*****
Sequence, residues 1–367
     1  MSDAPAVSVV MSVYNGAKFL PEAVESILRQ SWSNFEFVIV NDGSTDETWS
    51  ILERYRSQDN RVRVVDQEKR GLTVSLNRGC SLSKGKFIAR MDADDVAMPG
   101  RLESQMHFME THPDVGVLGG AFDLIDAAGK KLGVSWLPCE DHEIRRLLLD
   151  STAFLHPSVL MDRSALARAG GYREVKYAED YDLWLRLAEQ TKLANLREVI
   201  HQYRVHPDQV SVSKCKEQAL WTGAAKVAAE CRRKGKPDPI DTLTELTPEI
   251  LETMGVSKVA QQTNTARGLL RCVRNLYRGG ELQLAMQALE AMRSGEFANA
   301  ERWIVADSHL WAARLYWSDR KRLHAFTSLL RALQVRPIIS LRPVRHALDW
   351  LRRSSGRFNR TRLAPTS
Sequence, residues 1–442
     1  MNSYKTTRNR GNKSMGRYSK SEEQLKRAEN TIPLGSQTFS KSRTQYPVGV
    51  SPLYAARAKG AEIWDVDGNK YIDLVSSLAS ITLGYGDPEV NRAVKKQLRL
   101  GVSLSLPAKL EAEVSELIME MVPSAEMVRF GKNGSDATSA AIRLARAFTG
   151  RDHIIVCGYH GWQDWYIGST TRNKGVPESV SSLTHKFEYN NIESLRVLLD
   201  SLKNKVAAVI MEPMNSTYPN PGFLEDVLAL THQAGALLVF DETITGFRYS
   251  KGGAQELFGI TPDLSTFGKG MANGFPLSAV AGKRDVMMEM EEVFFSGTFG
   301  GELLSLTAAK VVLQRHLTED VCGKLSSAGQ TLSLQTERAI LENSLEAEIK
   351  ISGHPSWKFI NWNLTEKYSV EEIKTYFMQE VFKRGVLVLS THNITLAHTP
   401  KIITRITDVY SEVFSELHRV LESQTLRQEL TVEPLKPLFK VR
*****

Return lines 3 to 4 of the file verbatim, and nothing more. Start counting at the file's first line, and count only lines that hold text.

    51  ILERYRSQDN RVRVVDQEKR GLTVSLNRGC SLSKGKFIAR MDADDVAMPG
   101  RLESQMHFME THPDVGVLGG AFDLIDAAGK KLGVSWLPCE DHEIRRLLLD